The Noble Queen of my Springtime Forest
I've had her sneaking onto and over my shaded landscape over the past several years, and I leave her be. I understand that her rhizome has a tradition of support to childbirth, and that the bracts ("leaves") are considered edible, but I also understand that she is still a vulnerable and protected plant throughout some of our eastern North America regions.
That she spreading around my little patch of land is so pleasing. Her blossom is captivating to me and I often find myself sitting with her in bloom ... just witnessing and listening. In this way, she's one my teaching plants. It pleases me too to know that our relationship with the local ants is a sound, for they do so much for our ecosystem, including "planting her seeds" here and there as they collect them for food. I understand some wasps do the same. Gotta love Nature.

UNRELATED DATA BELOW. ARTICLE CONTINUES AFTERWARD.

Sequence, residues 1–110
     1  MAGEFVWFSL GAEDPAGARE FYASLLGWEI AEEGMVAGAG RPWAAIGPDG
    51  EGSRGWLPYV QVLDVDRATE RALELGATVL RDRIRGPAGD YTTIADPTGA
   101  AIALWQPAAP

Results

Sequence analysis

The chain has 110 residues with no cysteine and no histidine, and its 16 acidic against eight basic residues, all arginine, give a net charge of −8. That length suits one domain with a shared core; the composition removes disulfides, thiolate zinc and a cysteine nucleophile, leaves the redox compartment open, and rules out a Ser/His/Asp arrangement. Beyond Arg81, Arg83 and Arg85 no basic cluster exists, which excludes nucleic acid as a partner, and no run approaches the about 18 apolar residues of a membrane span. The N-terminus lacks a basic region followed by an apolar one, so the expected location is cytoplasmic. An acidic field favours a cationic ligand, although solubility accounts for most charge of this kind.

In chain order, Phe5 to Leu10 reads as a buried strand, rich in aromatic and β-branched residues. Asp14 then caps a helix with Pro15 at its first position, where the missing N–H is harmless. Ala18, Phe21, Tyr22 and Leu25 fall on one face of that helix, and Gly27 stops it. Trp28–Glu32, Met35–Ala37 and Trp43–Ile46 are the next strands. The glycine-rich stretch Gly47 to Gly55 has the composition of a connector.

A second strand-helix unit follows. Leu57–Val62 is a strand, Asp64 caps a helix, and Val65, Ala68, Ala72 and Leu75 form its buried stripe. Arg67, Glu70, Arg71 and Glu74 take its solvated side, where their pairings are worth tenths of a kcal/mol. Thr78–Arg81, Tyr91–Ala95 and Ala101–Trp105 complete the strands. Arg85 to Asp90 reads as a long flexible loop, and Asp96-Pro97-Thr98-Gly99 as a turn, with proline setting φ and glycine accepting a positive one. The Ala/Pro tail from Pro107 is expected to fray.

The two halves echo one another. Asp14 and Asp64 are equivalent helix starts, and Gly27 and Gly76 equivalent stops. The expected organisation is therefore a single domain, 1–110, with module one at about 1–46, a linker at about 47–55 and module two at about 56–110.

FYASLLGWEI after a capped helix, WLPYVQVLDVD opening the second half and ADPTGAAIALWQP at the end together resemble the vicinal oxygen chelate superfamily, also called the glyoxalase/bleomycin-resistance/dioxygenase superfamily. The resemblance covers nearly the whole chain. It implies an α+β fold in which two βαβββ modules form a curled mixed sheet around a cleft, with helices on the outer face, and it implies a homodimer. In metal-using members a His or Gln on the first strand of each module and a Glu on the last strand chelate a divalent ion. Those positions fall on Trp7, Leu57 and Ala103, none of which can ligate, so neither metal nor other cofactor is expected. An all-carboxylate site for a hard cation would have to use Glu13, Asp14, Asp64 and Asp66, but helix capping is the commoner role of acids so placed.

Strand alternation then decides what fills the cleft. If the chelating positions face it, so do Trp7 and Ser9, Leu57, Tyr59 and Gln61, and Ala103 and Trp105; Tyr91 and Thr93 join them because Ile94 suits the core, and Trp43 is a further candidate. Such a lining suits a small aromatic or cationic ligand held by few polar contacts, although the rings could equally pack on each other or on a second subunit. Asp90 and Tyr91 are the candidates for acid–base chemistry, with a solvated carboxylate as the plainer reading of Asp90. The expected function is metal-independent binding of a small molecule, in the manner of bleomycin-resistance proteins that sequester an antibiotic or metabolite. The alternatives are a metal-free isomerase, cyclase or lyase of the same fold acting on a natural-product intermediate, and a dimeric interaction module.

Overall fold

As she matures over the coming weeks, she'll produce three bracts, which even I call "leaves" (to the horror of botanists everywhere!). As May nears in my world, each plant will offer a single stalk with a single flower ... each offering three gorgeous, deep-red petals and three pale and subtle green petals.
Who is she?
Can you guess?
She is the noble and humble queen of my little springtime forest. She is Trillium erectum ~ the stunning red trillium.
Walk in the Woods